It gives me pleasure to congratulate you upon your return to the seat of government, for the purpose of discharging your duties to the people of the United States. Although the pestilence which had traversed the Old World has entered our limits, and extended its ravages over much of our land, it has pleased Almighty God to mitigate its severity, and lessen the number of victims, compared with those who have fallen in most other countries over which it has spread its terrors. Notwithstanding this visitation, our country presents on every side marks of prosperity and happiness, unequalled, perhaps, in any other portion of the world. If we fully appreciate our comparative condition, existing causes of discontent will appear unworthy of attention, and with hearts of thankfulness to that Divine Being who has filled our cup of prosperity, we shall feel our resolution strengthened to preserve and band down to posterity that liberty and that union which we have received from our fathers, and which constitute the sources and the shield of our blessings.
The relations of our country continue to present the same picture of amicable intercourse that I had the satisfaction to hold up to your view at the opening of your last session. The same friendly professions, the same desire to participate in our flourishing commerce, the same disposition to refrain from injuries unintentionally offered, are, with few exceptions, evinced by all nations with whom we have any intercourse. This desirable state of things may be mainly ascribed to our undeviating practice of the rule which has long guided our national policy, to require no exclusive privileges in commerce, and to grant none. It is daily producing its beneficial effect in the respect shown to our flag, the protection of our citizens and their property abroad, and in the increase of our navigation, and the extension of our mercantile operations. The returns which have been made out since we last met, will show an increase, during the last preceding year, of more than 80,000 tons in our shipping, and of near forty millions of dollars in the aggregate of our imports and exports.
Nor have we less reason to felicitate ourselves on the position of our political than of our commercial concerns. They remain in the state in, which they were when I last addressed you
- a state of prosperity and peace, the effect of a wise attention to the parting advice of the revered father of his country on this subject, condensed into a maxim for the use of posterity, by one of his most distinguished successors, to cultivate free commerce and honest friendship with all nations, but to make entangling alliances with none. A strict adherence to this policy has kept us aloof from the perplexing questions that now agitate the European world, and have more than once deluged those countries with blood. Should those scenes unfortunately recur, the parties to the contest inay count on a faithful per
formance of the duties incumbent on us as a neutral nation, and our own citizens may equally rely on the firm assertion of their neutral rights.
With the nation ihat was our earliest friend and ally in the infancy of our political existence, the most friendly relations have subsisted through the late revolutions of its government; and from the events of the last, promise a permanent duration. It has made an approximation in some of its political institutions to our own, and raised a monarch 10 the throne who preserves, it is said, a friendly recollection of the period during which he acquired among our citizens the high consideration that'could then have been produced by his personal qualifications alone.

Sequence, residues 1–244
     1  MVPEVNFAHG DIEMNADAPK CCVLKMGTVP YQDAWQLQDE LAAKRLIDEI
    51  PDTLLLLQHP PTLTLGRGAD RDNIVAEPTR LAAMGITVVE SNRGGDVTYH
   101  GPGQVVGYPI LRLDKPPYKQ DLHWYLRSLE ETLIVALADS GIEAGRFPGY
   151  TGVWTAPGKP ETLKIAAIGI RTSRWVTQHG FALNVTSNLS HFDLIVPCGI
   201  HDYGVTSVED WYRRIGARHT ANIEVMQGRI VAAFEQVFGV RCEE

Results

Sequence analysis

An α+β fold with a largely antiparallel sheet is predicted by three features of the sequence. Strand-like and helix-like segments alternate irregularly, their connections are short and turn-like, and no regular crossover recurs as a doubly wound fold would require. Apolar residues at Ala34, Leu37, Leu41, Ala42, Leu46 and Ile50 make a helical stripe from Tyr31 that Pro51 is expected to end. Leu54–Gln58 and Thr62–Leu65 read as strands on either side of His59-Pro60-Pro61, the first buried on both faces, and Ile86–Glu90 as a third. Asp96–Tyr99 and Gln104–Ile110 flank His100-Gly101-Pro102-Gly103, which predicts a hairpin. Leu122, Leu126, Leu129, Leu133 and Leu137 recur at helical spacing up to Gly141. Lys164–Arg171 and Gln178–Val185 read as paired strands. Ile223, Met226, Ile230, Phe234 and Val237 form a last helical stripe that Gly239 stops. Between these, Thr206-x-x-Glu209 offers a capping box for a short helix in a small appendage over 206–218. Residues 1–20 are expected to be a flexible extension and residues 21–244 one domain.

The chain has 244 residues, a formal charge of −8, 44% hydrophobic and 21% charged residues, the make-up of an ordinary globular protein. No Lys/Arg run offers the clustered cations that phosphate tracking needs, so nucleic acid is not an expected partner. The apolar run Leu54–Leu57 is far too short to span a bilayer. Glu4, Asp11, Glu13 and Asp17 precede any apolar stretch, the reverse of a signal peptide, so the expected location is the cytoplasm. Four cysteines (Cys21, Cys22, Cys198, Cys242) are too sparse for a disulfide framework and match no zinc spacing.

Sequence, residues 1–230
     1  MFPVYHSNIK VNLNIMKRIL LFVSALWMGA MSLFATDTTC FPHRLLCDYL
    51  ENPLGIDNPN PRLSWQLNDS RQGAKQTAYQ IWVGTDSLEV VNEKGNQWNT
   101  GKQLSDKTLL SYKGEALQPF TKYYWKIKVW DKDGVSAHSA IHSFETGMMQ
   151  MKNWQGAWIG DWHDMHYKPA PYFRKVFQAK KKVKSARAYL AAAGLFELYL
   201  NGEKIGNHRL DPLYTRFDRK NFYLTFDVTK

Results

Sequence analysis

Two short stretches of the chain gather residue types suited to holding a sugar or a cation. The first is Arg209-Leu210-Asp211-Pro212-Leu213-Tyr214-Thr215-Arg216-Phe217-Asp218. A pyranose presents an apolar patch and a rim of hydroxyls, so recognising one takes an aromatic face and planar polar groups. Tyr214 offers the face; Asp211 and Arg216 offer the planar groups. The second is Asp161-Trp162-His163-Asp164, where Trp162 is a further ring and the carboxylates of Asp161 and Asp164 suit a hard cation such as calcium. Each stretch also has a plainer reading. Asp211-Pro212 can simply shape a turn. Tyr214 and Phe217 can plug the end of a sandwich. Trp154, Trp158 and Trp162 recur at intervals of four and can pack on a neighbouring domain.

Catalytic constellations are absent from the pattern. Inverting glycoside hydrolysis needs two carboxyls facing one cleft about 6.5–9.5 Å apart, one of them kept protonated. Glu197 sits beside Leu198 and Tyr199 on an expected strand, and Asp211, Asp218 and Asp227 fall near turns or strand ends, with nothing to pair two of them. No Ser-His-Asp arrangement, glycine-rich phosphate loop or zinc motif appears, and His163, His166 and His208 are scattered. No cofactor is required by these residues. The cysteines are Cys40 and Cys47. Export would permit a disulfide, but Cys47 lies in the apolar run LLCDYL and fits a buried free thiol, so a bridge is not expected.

Our commerce with that nation is gradually assuming a mutually beneficial character, and the adjustment of the claims of our citizens has removed the only obstacle there was to an intercourse not only lucrative, but productive of literary and scientific improvement.
From Great Britain, I have the satisfaction to inform you that I continue to receive assurances of the most amicable disposition, which have on my part on all proper occasions been promptly and sincerely reciprocated. The attention of that government has latterly been so much engrossed by matters of a deeply interesting domestic character, that we could not press upon it the renewal of negotiations which had been unfortunately broken off by the unexpected recall of our minister, who had commenced them with some hopes of success. My great object was the settlement of questions which, though now dormant, might hereafter be revived under circumstances that would not endanger the good understanding which it is the interest of both parties to preserve in violate, cemented as it is by a community of language, manners, and social habits, and by the high obligations we owe to our British ancestors for many of our most valuable institutions, and for that system of representative government which has enabled us to preserve and improve them.
The question of our northeastern boundary still remains unsettled. In my last annual message, I explained to you the situation in which I found that business on my coming into office, and the measures I thought it my duty to pursue for asserting the rights of the United States, before the sove. reign who had been chosen by my predecessor to determine the question; and also the manner in which he disposed of it. A special message to the senate, in their executive capacity afterwards brought before them the question, whether they would advise a submission to the opinion of the sovereign arbiter. That body having considered the award as not obligatory, and advised me to open a further negotiation, the proposition was immedi
. ately made to the British government; but the circumstances to which I have alluded have hitherto prevented any answer being given to the overture. Early attention, however, has been promised to the subject, and every effort on my part will be made for a satisfactory settlement of this question, interesting to the Union generally, and particularly 30 to one of its members.
The claims of our citizens on Spajn are not yet acknowledged. On a closer investigation of them than appears to have heretofore taken place il was discovered that some of these demands, however strong they might be upon the equity of that government, were not such as could be made the subject of national interference. And, faithful to the principle of asking nothing but wbat was clearly right, additional instructions have been sent to modify our demands so as to embrace those only on which, according to the laws